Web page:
Vietnam - June 70 - Feb. 72
    Cancer from Agent Orange - Aug. 25th 2012
    Cancer Survivor - Dec. 14th 2012

  9. #9
    Member Roger's Avatar
    Join Date
    Apr 2006
    Location
    Sunshine Alaska
    Posts
    2,050

    Default

    Make sure you buy a bit with a pilot point (Dewalt) they cut easier ( From my experience anyway) and you can use a hand drill
    PEOPLE SAY I HAVE A.D.D I DON'T UNDERSTA.....OH LOOK A MOOSE !!!

  10. #10
    Charterboat Operator kodiakcombo's Avatar
    Join Date
    Nov 2006
    Location
    Old Harbor, Alaska, United States
    Posts
    1,360

    Default

    SLOW is the key, I'm a slow learner, but slow is better than fast so if you do it yourself, set the drill to slow. I know it seems better to go fast but slow is better.
    Providing trips for multilpe species for over 20 yrs
    www.kodiakcombos.com

  11. #11
    Member
    Join Date
    Nov 2007
    Location
    Wasilla Alaska
    Posts
    456

    Default

    The short answer to your original question, "where can I get these holes drilled in ANCHORAGE' I dont have. However if you'd like to take a drive to Wasilla I'll drill them for you.

    As a machinist of 40 years I believe we could "get er done!" As for a price? I don't need your money, just stand still, out of my way for 5 min and you'll be headed home happy as a clam!

    As to all the free advice you just got on this project. Much of it was sound, All of it was not. Enough said.

    Mike, (the original "master of metal".)

  12. #12

    Default

    Quote Originally Posted by Alasgun View Post
    The short answer to your original question, "where can I get these holes drilled in ANCHORAGE' I dont have. However if you'd like to take a drive to Wasilla I'll drill them for you.

    As a machinist of 40 years I believe we could "get er done!" As for a price? I don't need your money, just stand still, out of my way for 5 min and you'll be headed home happy as a clam!

    As to all the free advice you just got on this project. Much of it was sound, All of it was not. Enough said.

    Mike, (the original "master of metal".)
    Thank you Master of Metal for your generous offer. I may take you up on it if my modifications don't work.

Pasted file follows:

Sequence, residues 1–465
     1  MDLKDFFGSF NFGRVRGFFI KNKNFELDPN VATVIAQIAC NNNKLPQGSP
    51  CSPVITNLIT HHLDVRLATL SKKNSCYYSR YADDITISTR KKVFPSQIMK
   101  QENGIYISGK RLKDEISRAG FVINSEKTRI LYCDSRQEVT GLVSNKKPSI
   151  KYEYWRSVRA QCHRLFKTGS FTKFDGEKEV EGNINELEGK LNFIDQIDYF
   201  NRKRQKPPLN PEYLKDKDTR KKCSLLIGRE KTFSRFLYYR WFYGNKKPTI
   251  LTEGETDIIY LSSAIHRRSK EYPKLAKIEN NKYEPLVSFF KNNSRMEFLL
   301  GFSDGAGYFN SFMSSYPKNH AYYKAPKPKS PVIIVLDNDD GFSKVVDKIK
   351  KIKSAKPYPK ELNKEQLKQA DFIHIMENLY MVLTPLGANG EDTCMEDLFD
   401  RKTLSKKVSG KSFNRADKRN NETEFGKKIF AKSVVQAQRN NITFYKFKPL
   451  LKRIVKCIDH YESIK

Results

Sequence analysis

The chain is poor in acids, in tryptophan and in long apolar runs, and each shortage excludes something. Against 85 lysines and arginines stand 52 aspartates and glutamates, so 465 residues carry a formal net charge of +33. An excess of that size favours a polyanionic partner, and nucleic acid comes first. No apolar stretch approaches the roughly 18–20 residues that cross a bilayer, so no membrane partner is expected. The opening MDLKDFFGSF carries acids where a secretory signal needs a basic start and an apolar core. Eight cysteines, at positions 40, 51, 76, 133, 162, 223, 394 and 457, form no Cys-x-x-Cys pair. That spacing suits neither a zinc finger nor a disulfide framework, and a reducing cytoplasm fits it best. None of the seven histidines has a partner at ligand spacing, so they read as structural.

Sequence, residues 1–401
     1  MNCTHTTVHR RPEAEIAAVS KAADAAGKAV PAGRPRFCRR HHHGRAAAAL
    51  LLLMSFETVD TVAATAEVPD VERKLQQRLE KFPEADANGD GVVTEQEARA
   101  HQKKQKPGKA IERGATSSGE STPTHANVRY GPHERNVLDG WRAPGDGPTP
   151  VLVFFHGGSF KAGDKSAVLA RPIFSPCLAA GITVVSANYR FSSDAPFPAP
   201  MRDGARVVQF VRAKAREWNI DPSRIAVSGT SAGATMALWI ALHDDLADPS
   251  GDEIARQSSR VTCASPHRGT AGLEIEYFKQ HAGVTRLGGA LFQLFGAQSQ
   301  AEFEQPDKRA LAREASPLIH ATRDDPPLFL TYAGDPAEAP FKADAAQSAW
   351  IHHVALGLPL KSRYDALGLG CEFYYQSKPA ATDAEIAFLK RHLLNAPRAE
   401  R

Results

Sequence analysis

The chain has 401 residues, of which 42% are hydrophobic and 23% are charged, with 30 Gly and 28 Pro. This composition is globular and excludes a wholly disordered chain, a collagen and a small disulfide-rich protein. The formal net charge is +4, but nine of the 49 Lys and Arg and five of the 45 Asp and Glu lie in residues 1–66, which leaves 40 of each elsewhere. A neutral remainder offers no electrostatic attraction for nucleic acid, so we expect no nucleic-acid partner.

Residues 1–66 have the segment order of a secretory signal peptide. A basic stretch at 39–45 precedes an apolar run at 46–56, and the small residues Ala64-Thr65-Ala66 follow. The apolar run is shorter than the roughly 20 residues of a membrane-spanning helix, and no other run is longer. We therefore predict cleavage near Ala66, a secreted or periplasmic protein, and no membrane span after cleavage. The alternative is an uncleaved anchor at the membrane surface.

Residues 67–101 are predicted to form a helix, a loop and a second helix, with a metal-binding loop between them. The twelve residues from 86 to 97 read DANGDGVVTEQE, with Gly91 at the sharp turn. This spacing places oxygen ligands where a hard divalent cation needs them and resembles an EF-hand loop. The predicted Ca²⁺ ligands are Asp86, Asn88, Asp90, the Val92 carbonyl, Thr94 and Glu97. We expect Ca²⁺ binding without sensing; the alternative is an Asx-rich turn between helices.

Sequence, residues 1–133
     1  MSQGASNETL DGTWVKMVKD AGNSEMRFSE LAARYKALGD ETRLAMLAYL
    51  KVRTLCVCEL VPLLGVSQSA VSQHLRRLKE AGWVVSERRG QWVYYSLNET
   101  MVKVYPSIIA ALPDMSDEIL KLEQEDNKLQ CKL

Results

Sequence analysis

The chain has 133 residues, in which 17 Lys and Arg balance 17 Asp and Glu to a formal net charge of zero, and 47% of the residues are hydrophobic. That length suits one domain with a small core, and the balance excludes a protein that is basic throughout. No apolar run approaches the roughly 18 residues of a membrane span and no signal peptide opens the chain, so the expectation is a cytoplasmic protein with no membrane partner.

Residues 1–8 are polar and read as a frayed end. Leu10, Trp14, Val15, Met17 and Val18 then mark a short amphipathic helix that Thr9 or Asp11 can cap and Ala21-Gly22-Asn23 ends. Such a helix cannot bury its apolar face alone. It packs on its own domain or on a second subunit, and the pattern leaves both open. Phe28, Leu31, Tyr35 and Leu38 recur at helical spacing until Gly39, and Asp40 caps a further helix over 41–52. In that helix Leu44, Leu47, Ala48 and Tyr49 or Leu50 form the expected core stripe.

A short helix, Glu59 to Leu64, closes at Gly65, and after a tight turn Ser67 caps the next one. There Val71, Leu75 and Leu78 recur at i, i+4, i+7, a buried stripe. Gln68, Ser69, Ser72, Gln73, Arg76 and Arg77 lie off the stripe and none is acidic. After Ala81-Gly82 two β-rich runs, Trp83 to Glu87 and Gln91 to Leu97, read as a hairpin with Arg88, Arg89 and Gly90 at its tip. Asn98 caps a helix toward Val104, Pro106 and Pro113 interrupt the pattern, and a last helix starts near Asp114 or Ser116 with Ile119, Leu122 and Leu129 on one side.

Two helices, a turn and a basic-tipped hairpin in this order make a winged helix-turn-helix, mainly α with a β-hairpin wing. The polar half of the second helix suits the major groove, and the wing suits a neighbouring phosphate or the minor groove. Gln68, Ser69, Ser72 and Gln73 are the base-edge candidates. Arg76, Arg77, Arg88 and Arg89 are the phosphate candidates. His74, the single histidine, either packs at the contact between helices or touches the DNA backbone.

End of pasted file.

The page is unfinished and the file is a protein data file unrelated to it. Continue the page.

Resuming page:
So here's a report of my efforts. In short...FAIL!

    I bought a plug in dewalt hand drill since I needed one anyways. I bought titanium coated dewalt bits and oxide coated milwaukee bits. My first attempt I just slapped on the 5/16" titanium bit and it cut okay until it hit a hardened spot for the washers on the other side. Dead stop.

    I re-read the advice on the forum and try the smaller 1/8" first with the oxide bits. They cut great for about 1/16 of an inch and then nothing. After 4 bits, I get about 3/4 of the way through the plate. I used oil as well at slow rpm's

    So it can be done, but who knows what this alloy is. It seems really hard. With my level of expertise (zero) it would take me 3 or 4 drill bits per hole given my current progress. The titanium bits cut better than the oxide bits but at 5 to 8 dollars a bit, it's going to be pricey and not anywhere near as good as a pro.

    I will say that it could most definitely be operator error. I recall 15 years ago, I was out riding my new 580 snowmachine in deep deep powder for the first time. My buddy driving a tundra can go anywhere. I am getting stuck every 10 ft. I say I can't do it with this heavy liquid cooled machine. He jumps on to my machine and goes EVERYWHERE. It was just a matter of experience and a delicate throttle control. So I am not anywhere near ready to blame my tools.

    I need to McGyver a solution and test it first before I head down this path too far. I may need something more permanent than a gimbal mount and mounting a downrigger on the very edge of your kayak with an 8 pound weight might not be the best for stability. The only place I can put it on center is behind me which makes for awkward use. Still work in progress.

    Thanks for all the advice. This forum is great. Alasgun, I will PM you if my solution doesn't work. Thank you for your very generous offer.

  13. #13
    Sponsor potbuilder's Avatar
    Join Date
    Apr 2006
    Location
    Palmer
    Posts
    4,229

    Default

    'Rudy,
    how about a plate/bracket made of aluminum? easier to fabricate/drill holes. DO TAKE UP Alasgun's offer, he is the master of metal and will have you in & out in minutes, plus you'll get to see and hear about all the great gear/gadgets he has made for his boat. I think they used to say "its worth the trip" on a TV commercial and thats more than true at MOMH (mater of metal headquarters)!

    Alaska Shrimp Pots

    Rigid & Folding Shrimp & Crab Pots
    Electra Dyne Pot Haulers
    Ropes, Buoys, Bait
    alaskashrimppots.com
    akshrimppots@mtaonline.net
    907 775 1692

  14. #14

    Default

    Rudy,

    If you can, take Potbuilders advice, Alasgun knows his stuff.....way talented. If that doesn't work, PM me. I'm no machinist but we'll gittr' done here in Anchorage.

  15. #15

    Default

    All you guys rock! MUCHO appreciated!

    I opted for a semi permanent centerline mounted fix. Not sure I am liking it but will report if I use it.

    I will say that I failed the measure twice cut once (or drill two extra holes in the yak) test. ARGH. But in my defense, the measurement I forgot to take was the length of my arm. I couldn't reach a bolt and place a plate on two of them because I couldn't reach it. Are you kidding me??? But fix was fairly easy and the damage minimal. Not liking the amount of play. Minimal but I can't think it's permanent.

    May still need the gimbal altered for other purposes so I will keep the offers in mind. Thanks again!!!

Bookmarks

Posting Permissions

  • You may not post new threads
  • You may not post replies
  • You may not post attachments
  • You may not edit your posts
  •